While reading Emerson on a hot humid lawn, nature’s sounds orchestrated my musings of his essay on poets. Rich in language, Emerson attempted to give a verbally seductive argument that painted a variety of emotional responses to the bad poetry of his day. His rational descriptive arguments sliced point to point through essayed rhetoric, giving a clearer portrait not only of the poet, but of an artist.
I was astounded by a single line. After a long description of genius, Emerson captured the essential element necessary for the artist to be an artist. He claimed, that genius expresses itself not only in the prescriptive forms, but more so through an “insight which expresses itself by what is called Imagination … [which] does not come by study, but by the intellect being where and what it sees, by sharing the path, or circuit of things through forms, and so making them translucid to others.” This qualia of creative imagination, within any medium, provides the foundation for genius in all disciplines.
We entered the library for the lecture.
The Emerson lecture started well, but slowly digressed because of contradicting analyses of the professor. I stopped listening after two hours of general claims that provided no documentation to prove veracity. My attention then diverted to look within the faces of my peers to see their reactions to these undocumented interpretations, conflating theory on theory, imposed by professorial privilege.
The faces of my peers painted stern contemplations. I projected that these captive learners felt the same confusions I experienced. I noticed their eyes slowly buried themselves under furrowed brows, and downturned smiles that began to sleep with eyes wide opened. We sat what seemed like an eternity, battling out the artistic relevance of a single piece of text; debating whether Frederick Douglas’ narrative was a work of art, outside of its utility to argue against the harms of slavery within this certain place and time.
The questions went round and round for hours. Should we consider memoir art? Is autobiography art, history, philosophy? We compared one of notoriety versus the dulled exhortations of those less talented writers. Questions whirled on the meaning of language: When is a sentence art? How can we know the intention of the writer? If all literature is art (Iris Murdoch) is a manuscript art? The questioning seemed circular.
Electrified by the contradictions, my instincts engined utterances of metaphor upon metaphor that challenged the biased analysis whenever given the chance to speak. My underlying objection to the absence of historicism in the discussion grounded my critiques. IF we analyze a piece of literature, its very essence of being claims that this intellectual property has a history. The examination of form and function, and the choices the author makes is grounded in a person’s psychology and event context. People don’t write in a vacuum. They are motivated by forces that in many ways are cultivated by alliances, and the impact of tangible external events. Philosophers more easily consider historicism, but English teachers have greater difficulty, as the text in and of itself is the primary concern.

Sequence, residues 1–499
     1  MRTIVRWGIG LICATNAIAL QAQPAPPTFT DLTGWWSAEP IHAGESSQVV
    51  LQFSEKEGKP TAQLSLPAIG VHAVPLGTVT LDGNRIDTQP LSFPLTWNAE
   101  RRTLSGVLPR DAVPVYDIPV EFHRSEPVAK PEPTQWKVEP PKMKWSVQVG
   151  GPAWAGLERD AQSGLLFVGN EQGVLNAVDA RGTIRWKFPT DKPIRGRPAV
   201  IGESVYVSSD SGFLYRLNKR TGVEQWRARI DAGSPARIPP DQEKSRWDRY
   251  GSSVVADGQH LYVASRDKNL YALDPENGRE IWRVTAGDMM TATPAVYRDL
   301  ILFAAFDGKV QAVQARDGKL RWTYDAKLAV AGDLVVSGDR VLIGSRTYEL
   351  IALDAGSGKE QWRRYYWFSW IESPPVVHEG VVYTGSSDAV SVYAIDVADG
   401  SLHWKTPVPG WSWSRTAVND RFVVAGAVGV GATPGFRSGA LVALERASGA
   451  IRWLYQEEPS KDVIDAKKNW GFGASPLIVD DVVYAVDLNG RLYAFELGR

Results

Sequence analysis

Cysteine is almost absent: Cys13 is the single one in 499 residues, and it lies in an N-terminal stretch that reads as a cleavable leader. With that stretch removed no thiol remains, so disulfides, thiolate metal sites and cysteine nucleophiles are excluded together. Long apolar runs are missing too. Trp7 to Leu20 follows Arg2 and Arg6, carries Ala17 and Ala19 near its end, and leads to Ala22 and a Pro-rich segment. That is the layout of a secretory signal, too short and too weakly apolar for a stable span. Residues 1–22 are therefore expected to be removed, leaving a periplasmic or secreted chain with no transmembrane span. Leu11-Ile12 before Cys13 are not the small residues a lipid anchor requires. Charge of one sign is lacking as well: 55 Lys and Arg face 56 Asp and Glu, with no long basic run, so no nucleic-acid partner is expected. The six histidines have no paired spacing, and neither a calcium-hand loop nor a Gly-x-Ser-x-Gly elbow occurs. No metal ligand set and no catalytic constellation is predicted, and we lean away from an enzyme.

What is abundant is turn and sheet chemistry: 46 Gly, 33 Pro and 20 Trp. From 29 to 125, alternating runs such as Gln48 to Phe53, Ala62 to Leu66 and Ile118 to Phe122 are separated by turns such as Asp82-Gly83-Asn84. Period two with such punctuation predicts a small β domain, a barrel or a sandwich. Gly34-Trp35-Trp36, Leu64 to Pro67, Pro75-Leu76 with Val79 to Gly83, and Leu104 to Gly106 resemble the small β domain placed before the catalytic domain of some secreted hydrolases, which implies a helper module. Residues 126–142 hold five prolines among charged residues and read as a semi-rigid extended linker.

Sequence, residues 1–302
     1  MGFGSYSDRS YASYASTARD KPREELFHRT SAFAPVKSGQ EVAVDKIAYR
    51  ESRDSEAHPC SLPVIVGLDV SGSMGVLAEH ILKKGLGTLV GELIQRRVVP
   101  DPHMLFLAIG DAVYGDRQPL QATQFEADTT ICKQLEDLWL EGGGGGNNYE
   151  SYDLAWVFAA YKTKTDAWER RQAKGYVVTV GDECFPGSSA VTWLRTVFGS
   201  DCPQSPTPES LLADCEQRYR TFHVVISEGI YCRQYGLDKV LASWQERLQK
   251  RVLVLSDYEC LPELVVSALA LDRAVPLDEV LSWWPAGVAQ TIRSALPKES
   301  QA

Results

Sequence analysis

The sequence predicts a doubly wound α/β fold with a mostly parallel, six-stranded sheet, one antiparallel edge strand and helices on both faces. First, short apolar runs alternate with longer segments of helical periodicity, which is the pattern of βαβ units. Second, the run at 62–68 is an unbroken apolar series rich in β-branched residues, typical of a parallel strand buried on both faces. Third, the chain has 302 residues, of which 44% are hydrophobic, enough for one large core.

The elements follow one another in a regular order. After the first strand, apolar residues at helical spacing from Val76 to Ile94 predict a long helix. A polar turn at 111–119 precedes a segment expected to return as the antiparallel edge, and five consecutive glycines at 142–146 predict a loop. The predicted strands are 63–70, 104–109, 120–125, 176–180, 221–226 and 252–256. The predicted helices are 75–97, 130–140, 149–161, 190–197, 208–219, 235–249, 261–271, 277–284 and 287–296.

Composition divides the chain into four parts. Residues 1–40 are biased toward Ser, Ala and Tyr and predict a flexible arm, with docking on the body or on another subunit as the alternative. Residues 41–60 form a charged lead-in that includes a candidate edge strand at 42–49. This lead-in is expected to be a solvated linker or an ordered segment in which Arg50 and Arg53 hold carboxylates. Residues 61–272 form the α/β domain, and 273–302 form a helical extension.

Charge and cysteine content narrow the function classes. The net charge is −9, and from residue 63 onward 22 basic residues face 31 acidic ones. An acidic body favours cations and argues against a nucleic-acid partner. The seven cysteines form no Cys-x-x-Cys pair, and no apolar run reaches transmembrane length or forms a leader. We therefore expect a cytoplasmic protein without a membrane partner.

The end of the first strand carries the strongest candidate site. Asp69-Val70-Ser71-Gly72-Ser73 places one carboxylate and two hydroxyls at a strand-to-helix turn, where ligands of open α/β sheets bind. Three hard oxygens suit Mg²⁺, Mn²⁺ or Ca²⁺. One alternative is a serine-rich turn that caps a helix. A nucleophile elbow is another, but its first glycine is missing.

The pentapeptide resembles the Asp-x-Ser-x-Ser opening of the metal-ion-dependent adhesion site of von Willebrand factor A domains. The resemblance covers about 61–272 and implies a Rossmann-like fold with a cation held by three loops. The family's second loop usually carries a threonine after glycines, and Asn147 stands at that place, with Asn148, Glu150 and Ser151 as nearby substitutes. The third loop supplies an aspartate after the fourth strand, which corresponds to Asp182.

We all gave our conclusions with detailed examples that often derailed the initial point. In the end, most participants resisted moving outside their disciplines, and so discourse met dead ends. Conclusions were left to the eye of the beholder. After hours of moving through this single author’s writing, questions about its artistic relevance remained unanswered, and historicism was swept under the rug.
Sitting for long hours makes me uncomfortable. I couldn’t help obsessing about the professors contradicting assertions. My arrogance of rightness empowered my privilege of thinking, thus I felt justified in giving my two cents whenever the moment allowed. My impatient views empowered my ego. Later, upon reflection, I felt embarrassed by my assumptions, falling into self absorbed thinking that my exhortations were of a false humility. Like a monkey that sits silently on my back, the truth that my problematic early years failed to diligently read and write feeds a repeating low self-esteem about my academic abilities. This self deprecation feeds a self-preserving, perhaps self-righteous, desire to be right.
At the end of this day long session, mental exhaustion from sitting too long overtook my atrophying legs. Although I struggled to lift myself out of the chair, once standing, I briskly made my way back to the dorm. As the hot humid weather drenched me during this mile walk home, my inner dialogue spoke aloud to an invisable audience.
In these moments of reflection, I relived my actions like a memoir, making arguments – claims and warrants – that fleetingly questioned my process. Fear is such a cunning enemy of intellect. Through my self-imposed training to turn fearful thoughts over to positive self-affirmations, I looked to just what was before me – the rationality of my arguments.
Language too easily confounds perspective. One’s chosen word to define a point in time can be contrary to the definitions used in other disciplinary contexts. Discourse then serves to clarify the confusions, and helps to build a common ground. For the surviving self, these moments of learning nurture the intuitive perspective through open-mindedness to things unimagined by the naked eye.